Hodge v. Fillis, 3 Campb. 463. A bill was made payable in London, and accepted payable at Sir John Perring and Co.'s; and in an action against the acceptor, plaintiff had alleged presentment at Sir John Perring's, but could not prove it; Lord Ellenborough held the proof essential, unless there were something to dispense with it: plaintiff then proved that after the bill was due defendant promised payment, and Lord Ellenborough thought that made the other proof unnecessary; and verdict for plaintiff.
Wood v. Brown, 1 Stark. 217. In an action against the drawer of a bill, plaintiff proved a letter from defendant after the bill was due, in which he said he was an accommodation drawer only, and that the bill would be paid before the following term; Lord Ellenborough held that this made proof of notice of the dishonour unnecessary, and the plaintiff had a verdict without such proof.
has been duly given, and that a protest (where necessary) has been made.
And such presumption may be made (23), though the promise were not made to the plaintiff or in his presence, but to a subsequent indorsee who then held the bill or note.
Though there has been no due presentation, yet if there has been a subsequent application from an indorser for indulgence, it is for the jury to consider whether at the time of the application the indorser knew there had not been a due presentation. (24)
A nonsuit, without leaving that point to the jury, is improper. (24)
(23) Potter v. Rayworth, 13 East's Rep. 417. Indorsee of a note against the payee and indorser. It appeared that the note (which had been negotiated in the country) had been indorsed by the defendant to Fulford, by him to the plaintiff, by the plaintiff to Kirton, and by him to others, before it became due. A fortnight after it had become due, Kirton, who had taken it up, called on the defendant, who until then had received no notice of its dishonour: the defendant then promised Kirton to pay him the next day; having failed in this, Kirton resorted to the plaintiff, who paid the amount; and the defence now being the want of notice, the question was whether the plaintiff could avail himself of this promise so made to Kirton. Graham B. directed a verdict for the plaintiff; and on motion to set it aside, the court (Grose and Le Blanc Js. absent.) held that this promise was an acknowledgment by the defendant, either of notice, or that without notice he was the proper person to pay the note, and refused the rule.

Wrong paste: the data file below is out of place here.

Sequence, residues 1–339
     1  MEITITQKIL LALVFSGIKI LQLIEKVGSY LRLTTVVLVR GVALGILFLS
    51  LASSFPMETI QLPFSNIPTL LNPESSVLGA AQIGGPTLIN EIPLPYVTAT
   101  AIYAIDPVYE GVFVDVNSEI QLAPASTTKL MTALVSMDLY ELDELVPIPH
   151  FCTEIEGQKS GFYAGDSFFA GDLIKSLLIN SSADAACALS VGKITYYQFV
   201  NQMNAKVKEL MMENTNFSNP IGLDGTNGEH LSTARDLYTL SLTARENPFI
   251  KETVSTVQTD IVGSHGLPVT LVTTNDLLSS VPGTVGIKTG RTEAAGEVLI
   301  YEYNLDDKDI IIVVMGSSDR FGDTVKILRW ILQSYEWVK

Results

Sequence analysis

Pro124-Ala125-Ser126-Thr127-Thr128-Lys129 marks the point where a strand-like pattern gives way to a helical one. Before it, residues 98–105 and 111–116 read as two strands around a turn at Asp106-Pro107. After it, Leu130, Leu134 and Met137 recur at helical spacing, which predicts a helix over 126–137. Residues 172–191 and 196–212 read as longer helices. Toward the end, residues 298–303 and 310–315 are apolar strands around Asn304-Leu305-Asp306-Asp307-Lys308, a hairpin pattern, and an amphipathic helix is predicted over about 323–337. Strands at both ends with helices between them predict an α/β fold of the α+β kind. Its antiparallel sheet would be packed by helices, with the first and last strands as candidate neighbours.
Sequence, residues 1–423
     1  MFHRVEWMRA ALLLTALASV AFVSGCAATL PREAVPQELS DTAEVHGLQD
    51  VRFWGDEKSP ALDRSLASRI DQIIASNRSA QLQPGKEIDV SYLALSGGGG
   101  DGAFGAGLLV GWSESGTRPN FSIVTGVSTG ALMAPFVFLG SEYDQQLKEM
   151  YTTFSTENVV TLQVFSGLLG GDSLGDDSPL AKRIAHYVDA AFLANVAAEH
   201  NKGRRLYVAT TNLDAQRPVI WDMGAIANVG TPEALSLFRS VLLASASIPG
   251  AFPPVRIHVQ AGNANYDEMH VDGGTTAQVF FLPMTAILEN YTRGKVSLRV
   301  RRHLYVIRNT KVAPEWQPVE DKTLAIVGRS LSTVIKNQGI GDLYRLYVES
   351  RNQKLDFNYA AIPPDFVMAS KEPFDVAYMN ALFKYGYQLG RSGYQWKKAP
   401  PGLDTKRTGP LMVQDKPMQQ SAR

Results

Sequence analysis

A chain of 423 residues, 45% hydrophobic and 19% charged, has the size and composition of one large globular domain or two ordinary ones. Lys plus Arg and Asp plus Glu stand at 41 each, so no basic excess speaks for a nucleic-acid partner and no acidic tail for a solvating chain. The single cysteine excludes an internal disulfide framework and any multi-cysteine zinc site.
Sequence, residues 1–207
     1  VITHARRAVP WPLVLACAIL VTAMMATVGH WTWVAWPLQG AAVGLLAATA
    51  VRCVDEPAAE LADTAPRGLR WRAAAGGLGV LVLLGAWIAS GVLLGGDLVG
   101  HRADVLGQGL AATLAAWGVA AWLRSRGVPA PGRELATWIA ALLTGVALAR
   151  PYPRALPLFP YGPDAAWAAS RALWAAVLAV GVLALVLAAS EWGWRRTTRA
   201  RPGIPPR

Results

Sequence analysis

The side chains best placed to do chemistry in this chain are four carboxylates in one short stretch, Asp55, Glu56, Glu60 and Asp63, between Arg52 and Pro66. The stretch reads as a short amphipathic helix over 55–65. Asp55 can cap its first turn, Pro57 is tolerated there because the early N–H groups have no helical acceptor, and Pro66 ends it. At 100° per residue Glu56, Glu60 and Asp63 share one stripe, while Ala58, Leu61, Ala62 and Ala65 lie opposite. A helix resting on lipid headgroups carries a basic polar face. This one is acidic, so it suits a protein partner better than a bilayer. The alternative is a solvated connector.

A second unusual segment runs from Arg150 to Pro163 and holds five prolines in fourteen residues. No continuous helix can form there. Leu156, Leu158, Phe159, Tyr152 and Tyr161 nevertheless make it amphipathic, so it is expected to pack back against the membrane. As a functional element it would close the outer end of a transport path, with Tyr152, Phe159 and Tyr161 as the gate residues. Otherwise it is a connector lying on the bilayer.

(24) Hopley v. Dufresne, 15 East. 275. Indorsee against indorser; the bill was accepted payable at Hammersley's, and